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Do you do repairs?

        Yes. Repairs are a big part of my business here. Everything from 1850's Martins to Floyd Rose guitars comes though my door here in Bristol, Vermont. I serve customers from Burlington, Middlebury, down to Rutland, Plattsburgh, NY, and have many scattered throughout the rest of New England. Maybe your banjo is making a weird new sound, or you got some new pickups you want to try out on the favorite electric. Don't hesitate to get in touch.

I have a project in mind, how do I get a quote on the price?


        Just shoot me an email through my "contact" tab and I’ll get back to you soon!

And you build instruments? What's up with that?


        When a client approaches me for an instrument, I try my best to take a full picture of them as a player. What is their musical style? Their aesthetic? What are their purposes with the instrument? In this sense, the consultant aspect of my job is fundamental. It is my role to wade through the mirky waters of guitar convention and get you something that can't be gotten anywhere else.


In terms of design, what I'm aiming for is geometric balance. Sleek, elegant, efficient. I do conventional work, like parlor guitars in the Martin style, but I also do abstract and technological work, unusual contours in wood and the full compliment of electrical complexity. These are examples of instruments I've been happy to build for my clients and friends. Sound, playability, and appearance are the bottom line. I've found that the best way of achieving this is efficiency of design.

Do you do it all from scratch?


      Yes. I make most everything involved with my instruments, aside from hardware pieces like tuners and truss rods. Every design is original, and everything starts as hunks of wood in my workshop. My designs are the product of evolution over the years that I have been making them, with input from hundreds of players.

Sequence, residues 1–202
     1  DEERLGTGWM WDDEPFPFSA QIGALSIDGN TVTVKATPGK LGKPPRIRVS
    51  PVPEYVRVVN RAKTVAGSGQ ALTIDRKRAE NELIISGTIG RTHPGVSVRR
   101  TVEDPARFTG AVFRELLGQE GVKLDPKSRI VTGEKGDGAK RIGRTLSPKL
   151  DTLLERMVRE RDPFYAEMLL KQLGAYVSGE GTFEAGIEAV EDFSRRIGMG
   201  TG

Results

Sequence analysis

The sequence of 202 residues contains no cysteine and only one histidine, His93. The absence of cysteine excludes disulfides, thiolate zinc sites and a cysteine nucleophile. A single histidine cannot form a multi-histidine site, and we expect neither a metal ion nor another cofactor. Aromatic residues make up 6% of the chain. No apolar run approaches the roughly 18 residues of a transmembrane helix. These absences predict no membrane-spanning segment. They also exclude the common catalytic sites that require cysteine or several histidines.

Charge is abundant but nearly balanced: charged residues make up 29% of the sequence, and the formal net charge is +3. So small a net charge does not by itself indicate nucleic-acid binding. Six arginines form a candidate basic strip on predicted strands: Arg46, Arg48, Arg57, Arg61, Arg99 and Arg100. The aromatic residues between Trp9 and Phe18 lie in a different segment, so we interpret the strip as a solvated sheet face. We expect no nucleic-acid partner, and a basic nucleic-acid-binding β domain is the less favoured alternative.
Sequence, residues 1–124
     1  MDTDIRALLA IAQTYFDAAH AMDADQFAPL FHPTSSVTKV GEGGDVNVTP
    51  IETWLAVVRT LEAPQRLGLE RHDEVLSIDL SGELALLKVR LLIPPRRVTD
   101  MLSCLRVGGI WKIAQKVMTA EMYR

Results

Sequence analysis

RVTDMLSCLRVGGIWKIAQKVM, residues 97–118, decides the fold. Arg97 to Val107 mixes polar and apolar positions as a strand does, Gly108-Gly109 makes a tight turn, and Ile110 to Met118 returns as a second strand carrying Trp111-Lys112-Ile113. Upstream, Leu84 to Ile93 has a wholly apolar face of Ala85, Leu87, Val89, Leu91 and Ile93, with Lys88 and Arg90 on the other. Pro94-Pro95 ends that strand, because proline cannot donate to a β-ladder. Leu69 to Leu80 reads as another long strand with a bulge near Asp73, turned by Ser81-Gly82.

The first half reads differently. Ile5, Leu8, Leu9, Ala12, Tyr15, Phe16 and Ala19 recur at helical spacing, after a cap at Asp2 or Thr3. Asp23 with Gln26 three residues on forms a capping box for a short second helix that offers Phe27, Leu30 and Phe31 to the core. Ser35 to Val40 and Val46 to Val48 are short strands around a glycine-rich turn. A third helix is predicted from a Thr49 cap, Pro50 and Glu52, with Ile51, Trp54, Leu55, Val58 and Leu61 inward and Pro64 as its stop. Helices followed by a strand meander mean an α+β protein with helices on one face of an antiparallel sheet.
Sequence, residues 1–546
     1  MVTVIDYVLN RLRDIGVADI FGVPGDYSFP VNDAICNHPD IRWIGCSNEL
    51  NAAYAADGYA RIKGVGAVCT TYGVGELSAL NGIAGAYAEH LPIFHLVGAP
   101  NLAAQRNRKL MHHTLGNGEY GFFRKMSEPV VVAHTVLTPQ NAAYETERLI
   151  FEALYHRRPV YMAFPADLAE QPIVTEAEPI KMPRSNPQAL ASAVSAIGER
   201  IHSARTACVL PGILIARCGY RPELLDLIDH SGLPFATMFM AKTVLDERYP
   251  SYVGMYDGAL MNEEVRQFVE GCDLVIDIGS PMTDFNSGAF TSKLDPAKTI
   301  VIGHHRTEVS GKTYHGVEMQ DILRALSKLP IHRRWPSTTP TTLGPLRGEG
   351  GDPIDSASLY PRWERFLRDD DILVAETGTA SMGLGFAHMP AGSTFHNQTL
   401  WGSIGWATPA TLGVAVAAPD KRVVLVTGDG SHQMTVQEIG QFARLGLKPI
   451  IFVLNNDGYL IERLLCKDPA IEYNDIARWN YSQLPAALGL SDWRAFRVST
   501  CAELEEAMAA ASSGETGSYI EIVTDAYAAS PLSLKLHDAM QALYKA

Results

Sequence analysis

For a long time I did everything "by hand." Meaning, with the use of every single power tool except for CNC (Computerized Numerically Controlled Routing). Over the past couple of years I have been learning 3D modeling, and am just now bringing CNC into the mix. The methods I am developing will bring a fluency into the reproduction of parts for repairs, and of course absolute accuracy to the guitars I build.


While I am aware that there is a place for CNC, I am also aware that they do not make art. So, I design everything on paper before rendering it in three dimensions. It would be easier to design it from scratch in autocad, but then the human touch would be lost. 

From there, parts are hewn by hand with spoke shaves, rasps, chisels and planes. Shavings and dust. This is the soul-work, where the guitar is finally made "by hand."


Where did you learn how to do this?


        I learned different things from different people over the years. I started tinkering on my own guitars as a teenager. Soon I worked on a friend's, then for someone I'd never met, and it just sort of progressed like that. In a few years I was moonlighting with the guitar thing, working from my home, then later I was asked to manage repairs for a busy music store. There I developed a broad set of skills. You’d be surprised how much you can learn from other people’s mistakes, and quite often that’s what you’re dealing with in repairs. Also, I read a lot. I have a little library of great resources, you can leaf through a few next time you're in.  Finally, I have had the good fortune to know some great furniture makers and other woodworkers whose wisdom has saved me considerable time and trouble over the years.


Who buys your instruments?


        People who value not just quality of sound and playability, but also the unique nature of the instruments and my business.    


Do you have certain models you usually make?


        I do, and they are on display at my shop at 54 West Street Bristol, VT 05443. 


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